Countrywide is the UK's largest property agents (they own estate agencies like Hamptons International, Bairstow Eves and Bridgfords), with 900 locations and 10,000 employees, and they're selling off shares at fire-sale prices in a desperate bid to raise £140 million to service their massive debts; the sum is 300% of the company's market cap, their shares are down 60% on the news, and the company blames plummeting London prices and Brexit jitters for their misfortunes.
It's not just Countrywide: loathsome gentrifiers Foxton's are circling the drain, and the looming threat of rising interest rates has the whole sector in a panic. As worldwide property markets cool off and resume their historic illiquidity, offshore speculation is also falling off a cliff (it's one thing to sink millions in exfiltrated capital in a safe deposit box in the sky when you know that you can sell it off to another desperate kleptocrat on a few days' notice; it's another thing altogether when properties sit on the market, unsold, for months and months).
The volume of transactions in London is down 20% over the last four years, according to Residential Analysts, who calculated the figure using Land Registry and HM Revenue & Customs data. According to the real estate agency Right Move, London prices slipped a further 0.5% in the month of July and are now 1.7% lower than this time last year.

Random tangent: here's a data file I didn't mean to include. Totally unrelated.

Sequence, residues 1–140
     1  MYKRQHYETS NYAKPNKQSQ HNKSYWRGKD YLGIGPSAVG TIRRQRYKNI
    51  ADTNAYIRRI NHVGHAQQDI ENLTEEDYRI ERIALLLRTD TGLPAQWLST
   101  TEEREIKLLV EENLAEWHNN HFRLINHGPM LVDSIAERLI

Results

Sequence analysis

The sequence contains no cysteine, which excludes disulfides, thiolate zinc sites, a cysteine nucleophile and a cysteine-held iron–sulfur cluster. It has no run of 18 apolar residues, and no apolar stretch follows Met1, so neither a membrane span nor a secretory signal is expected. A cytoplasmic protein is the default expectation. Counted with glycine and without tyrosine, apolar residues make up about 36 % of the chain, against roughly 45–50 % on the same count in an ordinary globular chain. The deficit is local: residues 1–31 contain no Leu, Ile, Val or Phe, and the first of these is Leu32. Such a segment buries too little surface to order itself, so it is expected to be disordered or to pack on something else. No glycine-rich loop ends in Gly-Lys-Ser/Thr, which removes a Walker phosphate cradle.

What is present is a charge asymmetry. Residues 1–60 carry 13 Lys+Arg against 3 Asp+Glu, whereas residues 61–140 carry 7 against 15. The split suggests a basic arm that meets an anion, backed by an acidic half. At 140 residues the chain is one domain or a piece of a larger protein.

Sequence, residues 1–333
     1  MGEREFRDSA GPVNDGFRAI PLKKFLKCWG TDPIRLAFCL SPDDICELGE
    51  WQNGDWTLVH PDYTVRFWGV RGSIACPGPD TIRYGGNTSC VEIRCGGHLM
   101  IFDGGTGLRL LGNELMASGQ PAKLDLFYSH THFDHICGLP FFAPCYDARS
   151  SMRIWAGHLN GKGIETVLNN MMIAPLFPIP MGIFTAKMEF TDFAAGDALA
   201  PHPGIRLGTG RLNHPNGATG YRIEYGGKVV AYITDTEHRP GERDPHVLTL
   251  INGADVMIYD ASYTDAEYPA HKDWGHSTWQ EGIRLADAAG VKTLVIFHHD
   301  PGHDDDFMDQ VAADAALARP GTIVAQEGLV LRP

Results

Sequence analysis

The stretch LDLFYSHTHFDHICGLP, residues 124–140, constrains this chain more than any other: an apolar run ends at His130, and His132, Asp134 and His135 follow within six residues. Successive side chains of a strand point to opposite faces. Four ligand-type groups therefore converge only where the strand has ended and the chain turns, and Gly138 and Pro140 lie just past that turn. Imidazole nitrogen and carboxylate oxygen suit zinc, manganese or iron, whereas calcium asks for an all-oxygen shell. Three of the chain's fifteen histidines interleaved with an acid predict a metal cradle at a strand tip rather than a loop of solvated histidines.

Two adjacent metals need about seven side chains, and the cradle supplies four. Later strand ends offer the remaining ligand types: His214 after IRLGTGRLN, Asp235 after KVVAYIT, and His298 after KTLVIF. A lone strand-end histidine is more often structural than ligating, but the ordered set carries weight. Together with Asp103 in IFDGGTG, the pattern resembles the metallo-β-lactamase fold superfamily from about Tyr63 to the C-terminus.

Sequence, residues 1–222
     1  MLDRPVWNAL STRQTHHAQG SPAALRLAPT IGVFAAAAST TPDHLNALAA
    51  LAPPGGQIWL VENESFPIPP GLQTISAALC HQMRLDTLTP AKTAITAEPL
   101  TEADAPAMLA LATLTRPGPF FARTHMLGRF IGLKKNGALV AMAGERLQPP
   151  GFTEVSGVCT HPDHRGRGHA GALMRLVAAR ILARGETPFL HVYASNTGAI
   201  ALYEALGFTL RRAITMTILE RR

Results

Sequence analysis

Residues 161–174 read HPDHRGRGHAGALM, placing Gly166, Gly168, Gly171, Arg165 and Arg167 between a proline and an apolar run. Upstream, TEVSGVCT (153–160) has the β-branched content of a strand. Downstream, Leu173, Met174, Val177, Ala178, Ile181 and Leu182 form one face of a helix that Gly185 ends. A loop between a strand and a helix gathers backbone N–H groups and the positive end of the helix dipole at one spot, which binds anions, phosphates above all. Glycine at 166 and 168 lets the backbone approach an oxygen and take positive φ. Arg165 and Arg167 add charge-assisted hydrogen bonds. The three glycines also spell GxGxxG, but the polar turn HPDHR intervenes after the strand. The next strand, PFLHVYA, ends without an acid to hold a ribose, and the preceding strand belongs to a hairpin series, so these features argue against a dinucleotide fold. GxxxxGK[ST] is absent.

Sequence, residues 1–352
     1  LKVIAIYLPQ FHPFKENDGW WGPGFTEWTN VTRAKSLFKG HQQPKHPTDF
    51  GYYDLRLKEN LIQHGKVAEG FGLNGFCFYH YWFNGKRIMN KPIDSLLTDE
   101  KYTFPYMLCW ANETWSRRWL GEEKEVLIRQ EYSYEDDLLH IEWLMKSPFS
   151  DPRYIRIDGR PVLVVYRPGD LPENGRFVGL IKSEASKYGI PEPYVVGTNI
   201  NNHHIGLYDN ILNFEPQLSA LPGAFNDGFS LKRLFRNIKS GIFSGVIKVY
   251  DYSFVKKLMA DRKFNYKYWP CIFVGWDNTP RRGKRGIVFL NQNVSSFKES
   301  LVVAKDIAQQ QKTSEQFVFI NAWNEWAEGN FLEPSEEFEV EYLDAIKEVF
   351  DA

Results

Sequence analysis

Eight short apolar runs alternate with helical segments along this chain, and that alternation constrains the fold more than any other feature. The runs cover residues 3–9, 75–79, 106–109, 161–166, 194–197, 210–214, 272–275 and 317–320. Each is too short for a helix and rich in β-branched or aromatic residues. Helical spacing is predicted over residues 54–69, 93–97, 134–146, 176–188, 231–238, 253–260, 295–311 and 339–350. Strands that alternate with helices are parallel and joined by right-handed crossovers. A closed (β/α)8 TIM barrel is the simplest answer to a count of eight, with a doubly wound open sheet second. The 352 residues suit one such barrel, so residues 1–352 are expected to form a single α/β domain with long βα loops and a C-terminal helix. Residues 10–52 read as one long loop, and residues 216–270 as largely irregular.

In the worst-hit sector, one or two-bedroom properties, where first-time buyers are most active, prices fell 3.5% from a year ago. This is all happening in a market where prices were growing at a rate of around 20% annually a few years ago. Until recently, the mathematics of investing in London were pretty simple: you bought, you sold, and invariably you made a tidy profit. But not any longer.
UK “Housing Downturn” Pushes Biggest Real-Estate Agency with 10,000 Employees to Brink, Shares Collapse [Don Quijones/Wolf Street]
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